EAP Secretariat's Archive
1997 August 7
of Encyclopaedia Africana Nears Reality
by Mathew Mirapaul
New York Times
New York, NY, USA
August 7, 1997
W.E.B. Du Bois, the great African-American thinker,
first proposed in 1909 compiling a reference work on black history and cultures around the
world. Du Bois moved to Ghana in 1961 to direct the writing of the Encyclopaedia Africana,
but it remained far from finished at the time of his death two years later.
Now, Du Bois's dream is close to becoming a
multimedia reality -- perhaps as soon as 1999 -- as the Microsoft Corp.
prepares to add an African-culture title to its popular Encarta line of
disk-based, Internet-linked information resources for computers.
Although the company would not comment
officially on the project, to be dubbed either Encarta Africana or Afropaedia,
it is "pretty well underway and pretty well thought out, and it's in
production," according to one Microsoft executive familiar with its
Craig Bartholomew, the manager of
Microsoft's reference business unit, did not return a reporter's phone calls
seeking to confirm the Redmond, Wash., firm's commitment to the project. Henry Louis Gates
Jr., co-editor of the effort with Kwame Anthony Appiah, declined to comment at Microsoft's
If Encarta Africana fulfills its ambitious premise,
it will be an essential guide to the continent's global influence on art, music and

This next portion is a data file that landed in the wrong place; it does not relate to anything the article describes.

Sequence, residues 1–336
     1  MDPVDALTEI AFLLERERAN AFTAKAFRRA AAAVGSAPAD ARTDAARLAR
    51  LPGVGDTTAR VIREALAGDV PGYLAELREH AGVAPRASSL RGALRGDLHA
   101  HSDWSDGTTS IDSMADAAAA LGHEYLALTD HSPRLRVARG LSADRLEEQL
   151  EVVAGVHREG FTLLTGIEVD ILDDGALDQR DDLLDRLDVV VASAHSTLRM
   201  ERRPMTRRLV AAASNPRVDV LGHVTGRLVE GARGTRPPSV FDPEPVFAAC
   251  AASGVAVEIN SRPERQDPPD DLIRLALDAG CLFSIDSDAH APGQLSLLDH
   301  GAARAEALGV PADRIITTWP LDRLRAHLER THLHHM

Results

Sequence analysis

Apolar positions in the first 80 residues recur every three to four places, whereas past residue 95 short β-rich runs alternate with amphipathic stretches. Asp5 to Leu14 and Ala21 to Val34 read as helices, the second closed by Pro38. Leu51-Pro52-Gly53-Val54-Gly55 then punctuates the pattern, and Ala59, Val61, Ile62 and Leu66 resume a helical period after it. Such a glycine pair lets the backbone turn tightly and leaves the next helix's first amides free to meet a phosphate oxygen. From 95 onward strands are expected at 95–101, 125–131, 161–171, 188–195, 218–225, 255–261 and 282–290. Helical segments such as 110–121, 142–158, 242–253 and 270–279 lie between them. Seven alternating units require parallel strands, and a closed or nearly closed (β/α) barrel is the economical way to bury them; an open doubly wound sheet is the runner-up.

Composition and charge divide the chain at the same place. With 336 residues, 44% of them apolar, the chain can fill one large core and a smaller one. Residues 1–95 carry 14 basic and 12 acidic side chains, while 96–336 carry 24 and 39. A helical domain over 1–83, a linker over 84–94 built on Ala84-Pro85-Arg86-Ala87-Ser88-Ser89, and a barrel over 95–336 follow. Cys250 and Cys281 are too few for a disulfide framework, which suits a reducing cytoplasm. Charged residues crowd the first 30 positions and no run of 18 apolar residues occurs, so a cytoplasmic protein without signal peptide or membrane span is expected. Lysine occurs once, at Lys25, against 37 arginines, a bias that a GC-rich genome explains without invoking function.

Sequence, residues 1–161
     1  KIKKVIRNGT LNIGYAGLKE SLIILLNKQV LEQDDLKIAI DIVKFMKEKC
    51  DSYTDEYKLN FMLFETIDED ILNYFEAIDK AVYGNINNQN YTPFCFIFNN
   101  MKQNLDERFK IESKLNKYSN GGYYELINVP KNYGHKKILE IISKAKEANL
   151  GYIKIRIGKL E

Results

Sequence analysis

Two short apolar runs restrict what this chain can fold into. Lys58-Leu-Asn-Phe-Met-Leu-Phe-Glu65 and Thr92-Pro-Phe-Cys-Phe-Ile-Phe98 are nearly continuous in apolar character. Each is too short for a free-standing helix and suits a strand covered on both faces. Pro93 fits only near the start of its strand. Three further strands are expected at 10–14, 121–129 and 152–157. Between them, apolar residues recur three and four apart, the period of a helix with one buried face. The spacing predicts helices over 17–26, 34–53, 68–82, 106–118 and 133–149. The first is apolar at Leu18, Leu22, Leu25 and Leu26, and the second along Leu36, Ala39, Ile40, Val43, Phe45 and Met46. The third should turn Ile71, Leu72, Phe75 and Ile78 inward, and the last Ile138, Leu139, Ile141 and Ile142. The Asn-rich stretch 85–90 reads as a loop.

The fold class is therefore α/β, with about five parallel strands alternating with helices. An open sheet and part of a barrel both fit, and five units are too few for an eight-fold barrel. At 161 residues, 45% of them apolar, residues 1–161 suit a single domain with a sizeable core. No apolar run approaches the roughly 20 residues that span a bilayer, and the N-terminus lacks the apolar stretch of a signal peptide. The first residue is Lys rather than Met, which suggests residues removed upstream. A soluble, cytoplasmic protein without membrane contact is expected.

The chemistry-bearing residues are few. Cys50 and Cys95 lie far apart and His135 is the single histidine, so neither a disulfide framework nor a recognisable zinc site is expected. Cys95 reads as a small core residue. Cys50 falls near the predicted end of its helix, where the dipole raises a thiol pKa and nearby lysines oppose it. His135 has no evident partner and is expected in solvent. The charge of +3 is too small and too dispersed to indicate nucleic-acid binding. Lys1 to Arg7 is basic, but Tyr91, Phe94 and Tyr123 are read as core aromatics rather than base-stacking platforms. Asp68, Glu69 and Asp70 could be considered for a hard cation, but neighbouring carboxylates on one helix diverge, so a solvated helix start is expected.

literature through its overflowing streams of religion, politics and other forms of
Like other Encarta titles, Africana can be expected
to use text, images, audio and video to explore its subjects, here ranging from an essay
on St. Maurice, an early Christian saint of black origin, to the sounds of Motown, jazz
Previously planned as a series of four CD-ROMs, the
new Encarta title also might be released as a DVD-ROM, a new format that can hold seven
times more data than a standard CD-ROM.
A Web-based component might offer a condensed but
freely accessible information site, as well as timely updates for the disk-based resource.
A teaching guide for the educational market also is being discussed.
Gates, chairman of the Afro-American Studies
department at Harvard University and director of the school's W.E.B. Du Bois Institute for
Afro-American Research, has spent almost two decades trying to publish a version of the
It was first pitched as a print project to
Encyclopaedia Britannica in 1979, and more recently Random House, Simon & Schuster and
the Voyager Company had considered producing it.
Microsoft, which is run by another well-known smart
guy named Gates, appears to have been undaunted by the $4 million cost that was at one
time affixed to the project. The company is expanding in Africa, with 3 offices already
open and 10 more to come in the next three years.
In a comment that may help explain the company's
interest in the project, Bill Gates, Microsoft's chairman, said at a news conference
during a business visit to South Africa in March that the Internet "is the single
most important tool that will open Africa up to the rest of the world. It is the future of
communication worldwide and Africa is not as far behind as some people
Trademark concerns will prevent the use of the name
"Encyclopaedia Africana," which belongs to another publishing venture, although
negotiations are underway for a companion print volume that may be called the Perseus
Appiah, a Harvard professor in both Afro-American
studies and philosophy, wrote in a February e-mail message that, regardless of who elected
to become the publisher of the reference work, its contents "must be written from